Analog Film to Digital Image Workflow
A complete guide

WORK IN PROGRESS - Introduction

This is a comprehensive guide intended to be read by a compentent digital photographer curious about the world of analog film photography in the present day. I decided to write this to distill all my own learning into a single place. It is a living document, hence its place on github.

Except for my camera and lenses, I use only the currently available technology. All equipment you read about here can be easily found at good prices. All techniques presented here are also documented elsewhere on the internet. There is nothing particularly revolutionary or novel here, just solid, practical advice that will help you avoid making mistakes and get you working in what I consider to be the ‘right’ way from the start.

Those seeking purity and predictability from their workflow should remain fully digital. For those accepting the challenge, a very satifying and unique experience lies ahead. Analog photography is many things to many people. There is the exciting lomography movement, large and medium format cameras, homemade gear, collectables and oddities to explore. This guide is for 35mm photographers, although many of the techniques will apply to all analog photography that produces a negative. Many analog photographers like myself simply want the best regular digital image we can achieve from the finest negatives we can create. Before we get started proper, to be fair to you the reader, I must set some expectations upfront…

You will not go analog it because it is easier.

Let me be clear straight off. If you can afford a full frame digital camera and have no interest in the analog process, then you you don’t need to read this. You will get a greater number of better quality images at a cheaper price (in the long run) more quickly. Everything about this workflow is more challenging, time consuming and lower quality than digital. Although you may hear arguments to the contrary, I can assure you that even a second hand Sony A7 will far outperform any 35mm film camera in terms of quality and usability. You will go analog because you are fascinated by the process, love the vintage cameras, enjoy handling the film and want to join a passionate community. You are probably also a bit of a tinkerer at heart.

There are a lot of things to think about and problems to solve.

This guide documents my own workflow, but you will find that many people use many different methods and techniques throughout the process. There is no one right or best way to do things. You must find a way through these challenges that works for you. Where are you going to store your chemistry? Where will you develop your film? Where will you scan your negatives?

As well as the physical aspects of analog photography, the film, the developing etc, there are also digital considerations. A digital camera produces a ready-to-use image for you, and records all the technical details about the image without you doing anything. This is not the case with analog film photography. The camera records nothing of the lens, aperture, ISO, location or even the date and time of the photo. I will provide solutions for these problems, and more.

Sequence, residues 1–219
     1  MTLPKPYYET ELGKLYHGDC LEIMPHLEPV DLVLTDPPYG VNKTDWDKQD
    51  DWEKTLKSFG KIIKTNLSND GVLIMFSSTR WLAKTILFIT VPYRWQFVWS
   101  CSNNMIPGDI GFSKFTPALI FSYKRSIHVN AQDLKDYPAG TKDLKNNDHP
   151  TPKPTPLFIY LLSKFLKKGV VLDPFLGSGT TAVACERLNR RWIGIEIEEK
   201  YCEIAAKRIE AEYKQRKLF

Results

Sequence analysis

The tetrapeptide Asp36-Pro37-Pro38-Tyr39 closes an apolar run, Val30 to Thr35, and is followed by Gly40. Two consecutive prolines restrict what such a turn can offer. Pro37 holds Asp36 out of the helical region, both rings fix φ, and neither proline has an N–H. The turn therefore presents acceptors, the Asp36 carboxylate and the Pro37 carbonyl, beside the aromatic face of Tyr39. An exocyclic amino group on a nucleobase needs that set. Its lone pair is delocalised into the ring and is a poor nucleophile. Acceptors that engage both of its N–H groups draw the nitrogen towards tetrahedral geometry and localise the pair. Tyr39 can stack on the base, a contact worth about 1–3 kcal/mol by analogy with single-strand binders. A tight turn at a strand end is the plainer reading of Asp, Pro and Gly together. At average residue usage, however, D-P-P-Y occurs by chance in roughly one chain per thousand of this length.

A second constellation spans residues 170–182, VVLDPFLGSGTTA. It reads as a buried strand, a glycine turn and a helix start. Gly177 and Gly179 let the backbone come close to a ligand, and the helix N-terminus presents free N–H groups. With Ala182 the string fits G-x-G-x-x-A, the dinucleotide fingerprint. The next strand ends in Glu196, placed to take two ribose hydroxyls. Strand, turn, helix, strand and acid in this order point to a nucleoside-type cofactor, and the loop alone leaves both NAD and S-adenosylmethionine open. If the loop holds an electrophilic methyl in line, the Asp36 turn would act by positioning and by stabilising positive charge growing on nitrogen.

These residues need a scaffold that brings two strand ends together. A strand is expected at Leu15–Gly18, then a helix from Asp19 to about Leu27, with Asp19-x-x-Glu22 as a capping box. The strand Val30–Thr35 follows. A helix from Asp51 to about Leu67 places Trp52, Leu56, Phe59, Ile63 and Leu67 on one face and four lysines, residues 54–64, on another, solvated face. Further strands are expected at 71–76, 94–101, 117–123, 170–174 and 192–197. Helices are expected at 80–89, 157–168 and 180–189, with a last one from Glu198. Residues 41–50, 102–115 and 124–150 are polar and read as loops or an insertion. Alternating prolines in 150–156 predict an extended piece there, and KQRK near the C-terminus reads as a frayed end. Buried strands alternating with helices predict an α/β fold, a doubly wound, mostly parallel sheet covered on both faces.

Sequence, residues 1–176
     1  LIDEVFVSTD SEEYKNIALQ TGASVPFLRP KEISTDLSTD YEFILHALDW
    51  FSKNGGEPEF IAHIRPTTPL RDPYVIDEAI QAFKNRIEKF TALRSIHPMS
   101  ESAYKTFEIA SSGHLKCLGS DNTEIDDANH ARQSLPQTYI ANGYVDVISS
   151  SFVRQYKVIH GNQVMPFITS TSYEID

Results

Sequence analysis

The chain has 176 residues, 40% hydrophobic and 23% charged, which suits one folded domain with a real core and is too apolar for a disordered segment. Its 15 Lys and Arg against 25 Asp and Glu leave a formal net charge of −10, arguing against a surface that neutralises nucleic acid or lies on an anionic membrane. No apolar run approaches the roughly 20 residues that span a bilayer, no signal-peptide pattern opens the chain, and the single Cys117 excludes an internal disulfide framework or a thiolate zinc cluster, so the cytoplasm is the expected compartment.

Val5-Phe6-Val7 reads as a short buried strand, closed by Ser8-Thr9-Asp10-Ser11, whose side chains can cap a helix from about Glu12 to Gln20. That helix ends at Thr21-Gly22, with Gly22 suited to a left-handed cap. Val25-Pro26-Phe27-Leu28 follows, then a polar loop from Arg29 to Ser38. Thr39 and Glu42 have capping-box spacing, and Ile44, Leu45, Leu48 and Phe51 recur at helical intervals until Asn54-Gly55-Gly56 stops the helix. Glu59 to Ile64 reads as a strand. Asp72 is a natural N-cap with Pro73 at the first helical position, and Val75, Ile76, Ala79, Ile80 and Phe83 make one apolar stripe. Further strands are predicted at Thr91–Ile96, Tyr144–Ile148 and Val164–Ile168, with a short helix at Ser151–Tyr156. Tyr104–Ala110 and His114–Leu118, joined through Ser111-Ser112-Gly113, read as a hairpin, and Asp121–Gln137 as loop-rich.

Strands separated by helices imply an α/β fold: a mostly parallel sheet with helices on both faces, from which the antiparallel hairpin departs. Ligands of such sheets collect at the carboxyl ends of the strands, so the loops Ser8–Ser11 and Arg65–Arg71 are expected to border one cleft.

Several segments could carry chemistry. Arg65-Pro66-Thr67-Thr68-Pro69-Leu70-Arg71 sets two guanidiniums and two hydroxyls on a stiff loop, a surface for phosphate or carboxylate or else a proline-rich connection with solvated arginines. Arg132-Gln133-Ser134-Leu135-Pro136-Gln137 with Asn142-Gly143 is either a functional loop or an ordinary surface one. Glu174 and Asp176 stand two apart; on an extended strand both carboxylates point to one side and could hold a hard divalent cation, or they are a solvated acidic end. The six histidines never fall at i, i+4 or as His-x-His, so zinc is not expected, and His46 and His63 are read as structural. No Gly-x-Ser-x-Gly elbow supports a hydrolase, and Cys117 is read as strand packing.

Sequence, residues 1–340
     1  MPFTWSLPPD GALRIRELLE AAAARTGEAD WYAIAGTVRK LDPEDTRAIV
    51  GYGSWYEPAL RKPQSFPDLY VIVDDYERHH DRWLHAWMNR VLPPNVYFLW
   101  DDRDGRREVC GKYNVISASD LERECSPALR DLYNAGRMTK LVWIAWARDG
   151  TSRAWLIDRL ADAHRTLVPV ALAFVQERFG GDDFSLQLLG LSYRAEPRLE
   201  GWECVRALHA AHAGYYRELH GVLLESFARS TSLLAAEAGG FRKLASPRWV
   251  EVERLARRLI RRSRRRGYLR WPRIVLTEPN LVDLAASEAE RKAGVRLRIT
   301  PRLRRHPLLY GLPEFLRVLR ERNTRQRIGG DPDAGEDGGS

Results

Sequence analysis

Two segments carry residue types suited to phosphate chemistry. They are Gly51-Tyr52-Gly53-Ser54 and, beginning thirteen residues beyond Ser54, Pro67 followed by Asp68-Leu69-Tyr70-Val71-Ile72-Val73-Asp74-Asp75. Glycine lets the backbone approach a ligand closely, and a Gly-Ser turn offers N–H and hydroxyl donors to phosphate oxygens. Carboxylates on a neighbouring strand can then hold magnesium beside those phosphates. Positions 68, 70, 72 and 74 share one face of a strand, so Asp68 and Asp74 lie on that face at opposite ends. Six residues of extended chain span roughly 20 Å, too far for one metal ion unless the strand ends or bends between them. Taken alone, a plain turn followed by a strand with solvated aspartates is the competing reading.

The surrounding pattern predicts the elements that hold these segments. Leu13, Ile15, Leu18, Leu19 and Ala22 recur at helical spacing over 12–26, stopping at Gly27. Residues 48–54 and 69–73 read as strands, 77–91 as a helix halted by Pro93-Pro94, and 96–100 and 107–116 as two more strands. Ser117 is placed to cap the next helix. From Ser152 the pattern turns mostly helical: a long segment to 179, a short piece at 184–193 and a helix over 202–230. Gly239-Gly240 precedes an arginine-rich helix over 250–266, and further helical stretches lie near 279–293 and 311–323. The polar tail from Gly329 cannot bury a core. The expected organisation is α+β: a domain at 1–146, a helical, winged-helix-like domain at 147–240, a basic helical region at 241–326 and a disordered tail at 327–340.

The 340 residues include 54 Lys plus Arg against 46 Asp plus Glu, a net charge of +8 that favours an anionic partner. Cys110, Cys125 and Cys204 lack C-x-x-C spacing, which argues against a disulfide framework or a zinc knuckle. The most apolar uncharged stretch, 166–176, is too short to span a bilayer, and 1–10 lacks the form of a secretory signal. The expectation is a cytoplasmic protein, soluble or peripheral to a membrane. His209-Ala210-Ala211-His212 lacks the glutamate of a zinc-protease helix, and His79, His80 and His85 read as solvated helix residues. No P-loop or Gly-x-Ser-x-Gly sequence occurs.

The images you get will not be as ‘good’ as from a digital camera.

You may read online that film is still competing with digital in resolution, colour, dynamic range or whatever. Don’t believe it. It is true that some very slow medium format films shot with a professional Hasselblad camera, developed with expensive chemistry and under the scrutiny of a top class drum scanner will yield exceptional results. This is not that gig. This workflow is for cost effective analog film photography in the present day at the highest quality that is reasonably achievable. I have read that about 14 megapixels is as much as you can expect from regular 400 ISO film.

It is impossible to be fully analog on a digital internet

Do you intend to work entirely in the analog world, using enlargers to produce photographic prints and never scanning your negatives? If you do then I will be the first to say that I’m impressed! I’m afraid this guide does not cover the use of enlargers as unfortunately I am unlikely to ever use one. My goal is to digitise images to share with the photographic community on the internet. I do however think that the creation of limited-run enlargements from a film negative is a true art form.

The final digital images you create are an unavoidable synergy of your film negative and your scanning equipment. There is no way to avoid that fact. There is also nothing wrong in that. Remember that you will always have your negatives and you can go back to rescan the best in a higher quality or even try an enlarger at some point in the future. This text shows you how to get good results and retain control over the digital process.

How to contribute

If you would like to edit this document, then simply submit a pull requests with your edits are Feel free to fork, rewrites and republish elsewhere but please credit me if you do with a link to my flickr page. If you would like to ask me a question, make criticism or offer suggestions, then please raise an issue on github. Thanks for reading!

next: Your camera and film

James Burton on 01 August 2017